The clock subsystem 266, the communication subsystem 211, the NFC subsystem, 265, the short-range wireless communications subsystem 262, and the battery interface 236 together form a status report subsystem 268 which is configured to provide an indicator of the operating status of the device.

The display 204 receives display data generated by the processor 240, such that the display 204 displays certain application data stored as a segment of the data 227 from the memory (any of the flash memory 244, random access memory (RAM) 246, read only memory (ROM) 248) in a predetermined way on display screen (not shown) of the display 204, according to the processing performed by the processor 240.

In certain embodiments, the external video output port 254 is integrated with the data port 252. The external video output port 254 is configured to connect the electronic device 201 via a wired connection (e.g. video graphics array (VGA), digital visual interface (DVI) or high definition multimedia interface (HDMI)) to an external (or remote) display device 290 which is separate and remote from the electronic device 201 and its display 204. The processor 240 outputs external display data generated by the processor 240 via the external video output port 254, such that the external display device 290 can display application data from the memory module in a predetermined way on an external display screen (not shown) of the external display device 290. The processor 240 may also communicate the external display data to the external display device 290 in a similar fashion over a wireless communications path.

At any given time, the display data and the external display data generated by the processor 240 may be identical or similar for a predetermined period of time, but may also differ for a predetermined period of time, with the processor 240 controlling whether the display data and the external display data are identical or differ based on input from one or more of the input interfaces 206. In this context, the word “identical” means that both sets of data comprise similar content so as to generate an identical or substantially similar display at substantially the same time on both the external display device 290 and the display 204. In this context, the word “differ” means that the external display data and display data are not identical; this is to say that these data may (but not necessarily) include identical elements of data, for example representative of the same application data, but the external display data and display data are not wholly identical. Hence, the display on both the external display device 290 and the display 204 are not wholly identical, although similar or identical individual items of content based on the application data may be displayed on both the external display device 290 and the display 204.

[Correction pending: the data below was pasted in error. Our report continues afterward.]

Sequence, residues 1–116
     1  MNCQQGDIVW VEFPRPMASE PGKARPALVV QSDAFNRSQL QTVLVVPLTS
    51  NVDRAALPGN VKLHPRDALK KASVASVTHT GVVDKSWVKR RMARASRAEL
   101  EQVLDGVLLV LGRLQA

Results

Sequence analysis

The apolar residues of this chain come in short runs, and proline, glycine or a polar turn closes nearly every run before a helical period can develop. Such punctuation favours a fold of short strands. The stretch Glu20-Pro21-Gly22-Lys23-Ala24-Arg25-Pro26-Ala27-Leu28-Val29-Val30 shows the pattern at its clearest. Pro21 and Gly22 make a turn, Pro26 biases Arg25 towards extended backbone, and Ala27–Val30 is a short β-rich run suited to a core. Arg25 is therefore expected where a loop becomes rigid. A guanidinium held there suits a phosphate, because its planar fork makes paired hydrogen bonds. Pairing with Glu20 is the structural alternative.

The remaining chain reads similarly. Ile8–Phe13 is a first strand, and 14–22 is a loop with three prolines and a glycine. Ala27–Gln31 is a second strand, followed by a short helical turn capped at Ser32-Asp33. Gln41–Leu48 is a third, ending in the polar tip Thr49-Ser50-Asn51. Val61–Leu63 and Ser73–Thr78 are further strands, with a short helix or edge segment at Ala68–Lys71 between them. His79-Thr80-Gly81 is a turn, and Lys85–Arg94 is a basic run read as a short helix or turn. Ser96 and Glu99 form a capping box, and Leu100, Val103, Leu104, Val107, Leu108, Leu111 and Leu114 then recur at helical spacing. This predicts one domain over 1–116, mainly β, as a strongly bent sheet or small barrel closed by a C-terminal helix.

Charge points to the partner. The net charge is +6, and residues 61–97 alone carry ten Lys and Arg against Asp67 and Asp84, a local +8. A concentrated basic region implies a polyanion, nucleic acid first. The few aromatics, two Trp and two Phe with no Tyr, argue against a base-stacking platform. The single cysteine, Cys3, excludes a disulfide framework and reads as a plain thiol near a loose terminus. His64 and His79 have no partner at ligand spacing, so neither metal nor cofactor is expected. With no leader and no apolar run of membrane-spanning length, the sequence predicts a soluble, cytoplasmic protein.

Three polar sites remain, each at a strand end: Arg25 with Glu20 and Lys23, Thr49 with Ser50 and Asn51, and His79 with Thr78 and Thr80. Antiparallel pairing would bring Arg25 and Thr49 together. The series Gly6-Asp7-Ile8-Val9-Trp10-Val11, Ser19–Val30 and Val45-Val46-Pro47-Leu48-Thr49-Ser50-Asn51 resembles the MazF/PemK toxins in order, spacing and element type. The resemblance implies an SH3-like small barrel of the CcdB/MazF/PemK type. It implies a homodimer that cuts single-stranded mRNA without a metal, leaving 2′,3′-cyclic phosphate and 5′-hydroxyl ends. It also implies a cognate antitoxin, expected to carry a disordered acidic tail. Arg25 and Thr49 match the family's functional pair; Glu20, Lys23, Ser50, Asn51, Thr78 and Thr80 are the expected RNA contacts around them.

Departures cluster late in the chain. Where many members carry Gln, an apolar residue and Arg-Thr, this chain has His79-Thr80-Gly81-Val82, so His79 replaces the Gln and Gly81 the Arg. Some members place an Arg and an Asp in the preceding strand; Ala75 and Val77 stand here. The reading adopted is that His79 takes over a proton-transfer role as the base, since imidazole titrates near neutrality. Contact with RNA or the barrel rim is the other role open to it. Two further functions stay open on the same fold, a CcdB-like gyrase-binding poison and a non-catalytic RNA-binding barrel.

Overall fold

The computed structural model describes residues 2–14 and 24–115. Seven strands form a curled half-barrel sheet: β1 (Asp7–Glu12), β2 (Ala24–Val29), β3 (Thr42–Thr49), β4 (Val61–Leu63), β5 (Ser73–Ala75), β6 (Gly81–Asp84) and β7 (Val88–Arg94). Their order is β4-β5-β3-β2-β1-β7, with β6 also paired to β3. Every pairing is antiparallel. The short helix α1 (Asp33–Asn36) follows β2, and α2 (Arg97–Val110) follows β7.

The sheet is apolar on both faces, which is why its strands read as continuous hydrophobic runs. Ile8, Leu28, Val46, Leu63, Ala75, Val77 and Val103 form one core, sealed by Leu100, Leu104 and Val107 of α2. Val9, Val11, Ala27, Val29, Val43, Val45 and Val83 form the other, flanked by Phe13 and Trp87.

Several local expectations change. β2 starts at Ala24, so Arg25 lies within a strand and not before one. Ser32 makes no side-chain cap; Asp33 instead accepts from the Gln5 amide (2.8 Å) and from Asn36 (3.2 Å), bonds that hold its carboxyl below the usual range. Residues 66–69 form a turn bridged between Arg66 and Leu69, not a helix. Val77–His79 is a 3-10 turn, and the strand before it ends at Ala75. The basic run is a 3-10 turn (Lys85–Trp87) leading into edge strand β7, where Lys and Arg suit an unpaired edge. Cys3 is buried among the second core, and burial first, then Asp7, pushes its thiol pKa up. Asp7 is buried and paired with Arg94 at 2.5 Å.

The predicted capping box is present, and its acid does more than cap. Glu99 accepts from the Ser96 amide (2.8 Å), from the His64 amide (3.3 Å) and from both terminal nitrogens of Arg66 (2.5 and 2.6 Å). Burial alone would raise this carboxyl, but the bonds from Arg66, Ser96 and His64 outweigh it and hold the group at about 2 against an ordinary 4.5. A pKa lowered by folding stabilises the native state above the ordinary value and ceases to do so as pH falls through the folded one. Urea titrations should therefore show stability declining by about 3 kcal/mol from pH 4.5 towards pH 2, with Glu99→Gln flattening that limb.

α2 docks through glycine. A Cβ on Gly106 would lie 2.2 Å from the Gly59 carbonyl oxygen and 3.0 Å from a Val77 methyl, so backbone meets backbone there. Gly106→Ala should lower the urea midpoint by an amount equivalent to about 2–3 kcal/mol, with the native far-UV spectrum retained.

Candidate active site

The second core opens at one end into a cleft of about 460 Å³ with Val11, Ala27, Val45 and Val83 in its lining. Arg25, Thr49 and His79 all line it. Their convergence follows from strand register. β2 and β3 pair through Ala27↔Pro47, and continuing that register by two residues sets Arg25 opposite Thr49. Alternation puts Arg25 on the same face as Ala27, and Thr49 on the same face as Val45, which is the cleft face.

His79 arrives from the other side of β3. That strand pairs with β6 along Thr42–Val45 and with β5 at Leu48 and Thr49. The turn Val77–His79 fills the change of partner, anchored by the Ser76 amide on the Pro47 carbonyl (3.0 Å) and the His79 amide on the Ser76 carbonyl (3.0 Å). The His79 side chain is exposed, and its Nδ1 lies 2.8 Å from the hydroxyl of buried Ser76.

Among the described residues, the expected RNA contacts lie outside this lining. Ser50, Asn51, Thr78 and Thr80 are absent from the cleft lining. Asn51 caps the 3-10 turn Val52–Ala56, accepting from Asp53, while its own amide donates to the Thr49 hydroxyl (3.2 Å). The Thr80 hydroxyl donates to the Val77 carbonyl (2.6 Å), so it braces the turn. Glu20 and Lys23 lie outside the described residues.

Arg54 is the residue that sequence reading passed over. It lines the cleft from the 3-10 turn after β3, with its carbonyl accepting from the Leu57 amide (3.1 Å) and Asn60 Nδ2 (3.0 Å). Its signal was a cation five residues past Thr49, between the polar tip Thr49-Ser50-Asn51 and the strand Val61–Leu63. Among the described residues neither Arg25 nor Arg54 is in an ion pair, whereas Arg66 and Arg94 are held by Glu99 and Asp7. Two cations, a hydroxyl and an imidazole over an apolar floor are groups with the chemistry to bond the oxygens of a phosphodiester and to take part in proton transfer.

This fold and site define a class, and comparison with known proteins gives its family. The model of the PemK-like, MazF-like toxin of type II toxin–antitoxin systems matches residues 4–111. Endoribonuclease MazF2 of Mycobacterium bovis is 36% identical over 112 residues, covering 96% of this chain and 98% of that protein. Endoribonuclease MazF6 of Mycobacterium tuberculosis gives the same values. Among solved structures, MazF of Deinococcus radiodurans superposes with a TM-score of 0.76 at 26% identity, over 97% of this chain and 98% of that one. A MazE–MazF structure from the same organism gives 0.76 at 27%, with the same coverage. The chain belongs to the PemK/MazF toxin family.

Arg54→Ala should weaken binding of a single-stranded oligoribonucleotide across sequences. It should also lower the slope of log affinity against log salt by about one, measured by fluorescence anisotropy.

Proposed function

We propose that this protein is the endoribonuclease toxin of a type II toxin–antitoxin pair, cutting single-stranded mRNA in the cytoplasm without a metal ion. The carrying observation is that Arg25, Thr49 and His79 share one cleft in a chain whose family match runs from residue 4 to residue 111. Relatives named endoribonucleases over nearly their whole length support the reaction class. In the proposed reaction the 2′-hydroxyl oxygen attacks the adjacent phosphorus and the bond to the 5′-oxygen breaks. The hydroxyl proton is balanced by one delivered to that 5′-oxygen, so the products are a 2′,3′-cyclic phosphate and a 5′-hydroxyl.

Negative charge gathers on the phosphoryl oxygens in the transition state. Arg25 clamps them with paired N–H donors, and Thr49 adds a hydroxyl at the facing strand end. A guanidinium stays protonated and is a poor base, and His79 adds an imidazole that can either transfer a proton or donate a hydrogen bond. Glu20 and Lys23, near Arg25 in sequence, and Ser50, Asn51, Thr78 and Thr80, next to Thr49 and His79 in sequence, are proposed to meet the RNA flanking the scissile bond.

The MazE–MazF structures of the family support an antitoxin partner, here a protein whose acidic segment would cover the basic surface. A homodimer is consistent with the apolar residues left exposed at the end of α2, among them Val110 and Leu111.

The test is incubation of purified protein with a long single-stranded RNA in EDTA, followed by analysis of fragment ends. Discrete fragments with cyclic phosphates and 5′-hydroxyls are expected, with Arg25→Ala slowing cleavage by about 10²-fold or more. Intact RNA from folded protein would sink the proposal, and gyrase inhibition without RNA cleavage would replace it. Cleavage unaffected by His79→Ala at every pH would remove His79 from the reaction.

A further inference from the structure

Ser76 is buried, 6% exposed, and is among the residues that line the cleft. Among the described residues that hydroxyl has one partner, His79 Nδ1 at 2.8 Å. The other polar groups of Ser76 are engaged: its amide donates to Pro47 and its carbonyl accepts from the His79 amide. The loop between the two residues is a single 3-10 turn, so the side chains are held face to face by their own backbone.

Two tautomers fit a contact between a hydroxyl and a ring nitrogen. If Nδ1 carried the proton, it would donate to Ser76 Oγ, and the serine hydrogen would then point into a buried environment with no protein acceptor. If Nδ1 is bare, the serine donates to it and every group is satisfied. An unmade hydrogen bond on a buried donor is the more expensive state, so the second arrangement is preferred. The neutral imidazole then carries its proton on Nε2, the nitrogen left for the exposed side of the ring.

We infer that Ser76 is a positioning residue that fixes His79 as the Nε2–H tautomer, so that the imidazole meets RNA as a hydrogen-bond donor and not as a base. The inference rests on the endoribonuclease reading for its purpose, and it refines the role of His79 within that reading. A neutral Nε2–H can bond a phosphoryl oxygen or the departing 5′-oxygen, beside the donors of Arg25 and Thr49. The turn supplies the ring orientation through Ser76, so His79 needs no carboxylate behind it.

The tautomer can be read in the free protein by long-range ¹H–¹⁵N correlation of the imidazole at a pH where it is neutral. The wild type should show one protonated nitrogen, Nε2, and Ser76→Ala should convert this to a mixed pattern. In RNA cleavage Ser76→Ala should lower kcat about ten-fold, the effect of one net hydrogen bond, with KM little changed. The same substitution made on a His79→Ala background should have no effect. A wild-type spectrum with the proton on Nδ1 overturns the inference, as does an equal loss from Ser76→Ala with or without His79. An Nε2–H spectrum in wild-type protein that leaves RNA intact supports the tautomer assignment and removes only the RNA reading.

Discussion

In at least some embodiments, the electronic device 201 includes a touchscreen which acts as both an input interface 206 (e.g. touch-sensitive overlay) and an output interface 205 (i.e. display). The touchscreen may be constructed using a touch-sensitive input surface which is connected to an electronic controller and which overlays the display 204. The touch-sensitive overlay and the electronic controller provide a touch-sensitive input interface 206 and the processor 240 interacts with the touch-sensitive overlay via the electronic controller.

The processor 240 is in communication with the memory and the touch-sensitive input interface 206 to detect user input via the input interface 206. The processor 240 then generates or updates display data comprising a display object for display by the display device 204 in accordance with the user input. The processor 240 then outputs the display data for display on the display device 204. In an embodiment, the user input may comprise a swipe gesture across the touchscreen interface 206.

A gesture can be described as any physical movement that a device or other sensor can sense and be responsive to. Input devices that detect motion and thus allow users to perform gestures include mice, digital gloves, optical, ultrasonic or RF sensors, cameras, touch screens, proximity sensors, accelerometers and gyroscopes. A gesture may be described as a sequence of single or multidimensional movements at a given point in time or over time, and at one point or location in space, or from one point or location in space to another, where the way a gesture is made or drawn in space or over time can change the meaning of a gesture, and define the gesture. The gesture may be defined by a change in physical configuration, posture or position of the device or sensor. A gesture may be described as a set of measured points in space and/or a corresponding set of time intervals between measurements. Furthermore, a gesture may be described as a zero-dimensional movement which generates a boolean output value of 1 or 0 which can be input into the device, for example where a predefined threshold is exceeded.

In at least some embodiments, the touch-sensitive overlay has a touch-sensitive input surface which is larger than the display 204. For example, in at least some embodiments, the touch-sensitive overlay may extend overtop of a frame (not shown) which surrounds the display 204. In such embodiments, the frame (not shown) may be referred to as an active frame since it is capable of acting as an input interface 206. In at least some embodiments, the touch-sensitive overlay may extend to the sides of the electronic device 201.